Posts Tagged ‘a free man of color’

Culture Vulture: Best theater of 2010

December 26, 2010

YEAR IN THEATER

A strong year in theater, I would say. Here’s my pick of a dozen top productions:


1. Bloody Bloody Andrew Jackson – Les Freres Corbusier’s smart/stupid rock musical, my first exposure to excellent writer/director Alex Timbers and his fearless crew, including rock-star caliber lead performance by Benjamin Walker. As the subway ads put it, “History just got all sexypants!”


2. The Myopia – David Greenspan in a spectacular solo performance of his own crazy play

Lily Rabe, Al Pacino, and Byron Jennings in "The Merchant of Venice"

3. The Merchant of VeniceDaniel Sullivan’s deep, upsetting staging of Shakespeare’s play in which Al Pacino’s Shylock and Lily Rabe’s Portia were 2 out of 20 strong performances

Scarlett Johansson and Liev Schreiber in "A View from the Bridge"

4. A View from the Bridge – direction by Gregory Mosher, with terrific performances by Liev Schreiber, Jessica Hecht, Scarlett Johansson, Michael Cristofer, and Corey Stoll

Billy Porter, Robin Weigert, and Christian Borle in "Angels in America"

5. Angels in America – Michael Greif’s revival of Tony Kushner’s play with extra-fine performances by Christian Borle, Zachary Quinto, Bill Heck, Robin Bartlett, and Robin Weigert

Danielle Skraastad, Susan Pourfar, Marin Ireland, Miriam F. Glover and Michael Chernus in "In The Wake"

6. In the Wake – Lisa Kron’s play (lynchpin of the Public Theater’s admirable political-theater season) with superlative performances by Michael Chernus and Deidre O’Connell

Alessandro Nivola and Karen Young in "A Lie of the Mind"

7. A Lie of the Mind – Ethan Hawke’s surprisingly beautiful re-imagining of Sam Shepard’s play, with a revelatory central performance by Alessandro Nivola

8. A Disappearing Number – fine smart new work from Complicite directed by Simon McBurney with a dazzling production design by Michael Levine

9. The Kid – the smart and tuneful musical adaptation of Dan Savage’s memoir with a good cast well-directed by Scott Elliott, most notably Christopher Sieber, Susan Blackwell, and Jeannine Frumess

Jeffrey Wright in "A Free Man of Color"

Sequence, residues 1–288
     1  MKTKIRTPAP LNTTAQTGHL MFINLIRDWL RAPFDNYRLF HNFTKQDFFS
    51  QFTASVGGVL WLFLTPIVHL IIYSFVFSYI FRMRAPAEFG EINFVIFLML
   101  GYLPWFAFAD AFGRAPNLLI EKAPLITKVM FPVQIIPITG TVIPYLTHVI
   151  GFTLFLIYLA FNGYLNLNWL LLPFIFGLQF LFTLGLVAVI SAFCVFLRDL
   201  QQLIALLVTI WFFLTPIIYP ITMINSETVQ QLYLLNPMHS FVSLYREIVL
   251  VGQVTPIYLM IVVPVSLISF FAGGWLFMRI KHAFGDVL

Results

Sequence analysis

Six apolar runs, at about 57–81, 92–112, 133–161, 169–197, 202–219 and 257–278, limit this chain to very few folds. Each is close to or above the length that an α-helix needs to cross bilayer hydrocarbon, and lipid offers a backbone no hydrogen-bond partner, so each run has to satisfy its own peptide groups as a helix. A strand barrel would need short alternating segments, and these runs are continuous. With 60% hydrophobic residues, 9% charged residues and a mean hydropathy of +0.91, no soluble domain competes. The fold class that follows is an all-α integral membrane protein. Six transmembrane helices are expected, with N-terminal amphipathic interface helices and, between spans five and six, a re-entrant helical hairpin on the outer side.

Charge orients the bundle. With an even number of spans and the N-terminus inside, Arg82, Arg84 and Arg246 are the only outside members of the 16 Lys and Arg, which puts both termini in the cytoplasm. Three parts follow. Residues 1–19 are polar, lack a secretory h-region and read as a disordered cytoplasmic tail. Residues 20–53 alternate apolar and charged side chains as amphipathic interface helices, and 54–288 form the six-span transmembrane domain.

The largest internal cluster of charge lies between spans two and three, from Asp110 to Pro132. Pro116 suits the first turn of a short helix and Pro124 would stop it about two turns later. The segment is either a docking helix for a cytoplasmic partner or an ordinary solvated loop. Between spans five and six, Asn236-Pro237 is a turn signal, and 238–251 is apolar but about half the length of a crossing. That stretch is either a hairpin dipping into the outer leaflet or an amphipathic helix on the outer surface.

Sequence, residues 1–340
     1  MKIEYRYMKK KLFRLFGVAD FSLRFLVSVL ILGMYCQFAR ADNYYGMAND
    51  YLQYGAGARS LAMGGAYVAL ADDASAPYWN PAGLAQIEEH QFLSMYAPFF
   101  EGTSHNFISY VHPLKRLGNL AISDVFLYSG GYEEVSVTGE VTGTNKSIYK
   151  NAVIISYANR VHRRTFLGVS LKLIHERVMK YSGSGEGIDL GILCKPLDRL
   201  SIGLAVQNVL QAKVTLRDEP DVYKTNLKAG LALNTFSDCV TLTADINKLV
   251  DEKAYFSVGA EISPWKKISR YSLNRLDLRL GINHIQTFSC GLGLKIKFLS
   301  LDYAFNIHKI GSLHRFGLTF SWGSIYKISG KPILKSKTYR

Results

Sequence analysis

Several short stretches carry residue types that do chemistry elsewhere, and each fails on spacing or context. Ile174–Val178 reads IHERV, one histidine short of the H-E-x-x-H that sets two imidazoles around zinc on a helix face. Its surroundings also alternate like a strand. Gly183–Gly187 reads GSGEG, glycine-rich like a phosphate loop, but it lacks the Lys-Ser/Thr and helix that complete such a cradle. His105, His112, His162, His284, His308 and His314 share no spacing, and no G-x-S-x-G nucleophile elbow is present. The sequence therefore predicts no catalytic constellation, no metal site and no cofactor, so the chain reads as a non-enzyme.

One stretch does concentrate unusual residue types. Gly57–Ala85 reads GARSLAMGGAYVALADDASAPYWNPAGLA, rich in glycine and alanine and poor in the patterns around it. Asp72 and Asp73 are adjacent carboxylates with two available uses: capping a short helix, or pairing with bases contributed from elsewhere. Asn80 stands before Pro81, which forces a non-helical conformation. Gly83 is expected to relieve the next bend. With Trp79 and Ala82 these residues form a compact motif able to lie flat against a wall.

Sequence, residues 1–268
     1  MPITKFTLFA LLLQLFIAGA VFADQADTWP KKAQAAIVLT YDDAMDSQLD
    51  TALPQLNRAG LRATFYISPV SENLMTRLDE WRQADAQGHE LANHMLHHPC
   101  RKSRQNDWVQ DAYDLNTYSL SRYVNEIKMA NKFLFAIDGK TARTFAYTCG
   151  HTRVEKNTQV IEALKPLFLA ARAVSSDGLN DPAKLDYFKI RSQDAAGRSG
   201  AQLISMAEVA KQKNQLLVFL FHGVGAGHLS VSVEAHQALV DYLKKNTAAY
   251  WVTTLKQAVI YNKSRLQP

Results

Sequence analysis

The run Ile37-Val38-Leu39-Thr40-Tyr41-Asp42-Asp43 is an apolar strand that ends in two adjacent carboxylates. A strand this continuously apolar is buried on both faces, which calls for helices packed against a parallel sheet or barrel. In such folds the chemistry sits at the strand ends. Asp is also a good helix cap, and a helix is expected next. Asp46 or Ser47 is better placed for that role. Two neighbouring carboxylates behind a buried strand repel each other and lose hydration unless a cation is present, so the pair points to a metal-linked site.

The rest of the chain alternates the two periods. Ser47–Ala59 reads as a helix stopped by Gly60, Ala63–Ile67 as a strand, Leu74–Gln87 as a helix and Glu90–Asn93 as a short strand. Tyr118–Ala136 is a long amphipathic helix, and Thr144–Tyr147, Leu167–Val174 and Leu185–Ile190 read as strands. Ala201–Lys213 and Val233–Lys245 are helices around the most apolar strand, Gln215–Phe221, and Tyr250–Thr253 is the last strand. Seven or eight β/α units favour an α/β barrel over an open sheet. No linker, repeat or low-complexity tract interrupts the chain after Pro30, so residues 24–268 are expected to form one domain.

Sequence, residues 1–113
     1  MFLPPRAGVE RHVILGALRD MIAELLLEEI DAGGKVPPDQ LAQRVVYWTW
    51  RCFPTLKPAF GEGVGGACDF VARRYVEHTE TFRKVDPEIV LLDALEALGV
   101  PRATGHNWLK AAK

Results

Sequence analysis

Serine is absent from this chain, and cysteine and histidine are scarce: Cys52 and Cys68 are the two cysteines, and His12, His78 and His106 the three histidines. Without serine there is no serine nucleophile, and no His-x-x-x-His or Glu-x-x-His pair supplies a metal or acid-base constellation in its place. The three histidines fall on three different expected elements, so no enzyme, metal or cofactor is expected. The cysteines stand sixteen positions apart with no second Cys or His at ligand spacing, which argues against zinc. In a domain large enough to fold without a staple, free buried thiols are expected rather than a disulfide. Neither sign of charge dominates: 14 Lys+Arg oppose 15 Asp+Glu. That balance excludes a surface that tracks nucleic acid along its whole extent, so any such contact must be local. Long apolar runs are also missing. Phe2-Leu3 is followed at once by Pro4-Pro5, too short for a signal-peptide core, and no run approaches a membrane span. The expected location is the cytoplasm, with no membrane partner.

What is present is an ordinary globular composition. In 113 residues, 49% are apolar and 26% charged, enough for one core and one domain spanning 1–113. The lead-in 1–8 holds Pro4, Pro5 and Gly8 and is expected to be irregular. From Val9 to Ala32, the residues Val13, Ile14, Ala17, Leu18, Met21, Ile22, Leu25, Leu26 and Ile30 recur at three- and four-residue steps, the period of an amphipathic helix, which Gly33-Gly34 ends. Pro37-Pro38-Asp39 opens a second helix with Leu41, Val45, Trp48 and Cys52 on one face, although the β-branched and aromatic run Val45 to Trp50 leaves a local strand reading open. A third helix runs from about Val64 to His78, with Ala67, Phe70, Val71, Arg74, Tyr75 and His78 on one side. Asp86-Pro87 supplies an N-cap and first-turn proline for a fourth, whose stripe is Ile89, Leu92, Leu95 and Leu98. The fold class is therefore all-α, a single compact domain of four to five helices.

10. A Free Man of Color – John Guare’s ambitious stylized epic staged in high style by George C. Wolfe with a huge cast in which standouts included Jeffrey Wright, mos, and Veanne Cox

11. Another American: Asking and Telling – perfect timing for Marc Wolf (above) to bring back his Anna Deveare Smith-like solo performance surveying the topic of gays in the military

Zoe Kazan, Christopher Walken, and Anthony Mackie in "A Behanding in Spokane"

12. A Behanding in Spokane – Martin McDonagh’s hilarious new play with knockout performances by Christopher Walken and Sam Rockwell and a superbly seedy set by Scott Pask


I’m not quite sure where to put three shows I’d seen before but were still high-water marks for 2010: Fela! (last year’s #1, which I saw twice again this year), Gatz (above, which made my top 10 in 2007), and the Wooster Group’s North Atlantic (the third revival, with a great new cast including Ari Fliakos, Kate Valk, Steve Cuiffo and Zachary Oberzan).

Miscellaneous highlights:

— William Kentridge’s dense and dazzling production of Shostakovich’s The Nose at the Metropolitan Opera and his equally theatrical retrospective at the Museum of Modern Art

— Norm Lewis singing “Being Alive” in Sondheim on Sondheim at the Roundabout

— Christine Jones’ set (above) and Michael Mayer’s direction for American Idiot
— Mark Rylance’s justly acclaimed performance in La Bete

The Pee-Wee Herman Show on Broadway – sheer fun!

— Most Valuable Player (male): Scott Shepherd (above) for North Atlantic and Gatz

— Most Valuable Player (female): Bonnie Thunders, Gotham Girls Roller Derby (above)

Theater review: A FREE MAN OF COLOR

November 29, 2010

In my theater pantheon, John Guare looms large. Along with Richard Foreman‘s Rhoda in Potatoland, Ntozake Shange’s for colored girls…, Robert Patrick‘s The Haunted Host (starring Harvey Fierstein), and the Wooster Group‘s Nayatt School, the original production at the Public Theater of Landscape of the Body was one of a handful of productions that smashed my young playgoing brain into pieces. I’ve followed his work closely ever since.

I’ve been eagerly awaiting Guare’s new play A Free Man of Color for years, since it was first put on the schedule at the Public, under the direction of George C. Wolfe. It got scratched from the Public, supposedly for financial reasons but really — we learned from the New York Times a few weeks ago — over artistic differences with Oscar Eustis. Happily, Lincoln Center Theater picked it up and has spared no expense putting up this extravagant piece of work.

My review has just been posted on CultureVulture.net, saying in part:

Jeffrey Wright in "A Free Man of Color"

“Few of his works have ever shied away from wildly imagined multiple narratives sprawling in time, space, and dimension. Still, Guare has outdone himself with A Free Man of Color. Here he plays theater nerd as hip-hop DJ, mashing up big swatches of classic dramas (William Wycherley’s The Country Wife and Ben Jonson’s Volpone, The Merchant of Venice and Don Giovanni, to name only the most obvious), in order to tell the story of New Orleans circa 1801 as a unique crossroads of freedom and slavery, geography and imagination, race and racism, American history and American dreams, Europe and Africa, perched halfway between the Caribbean Islands and the Mississippi River.”

You can read the complete review online here.

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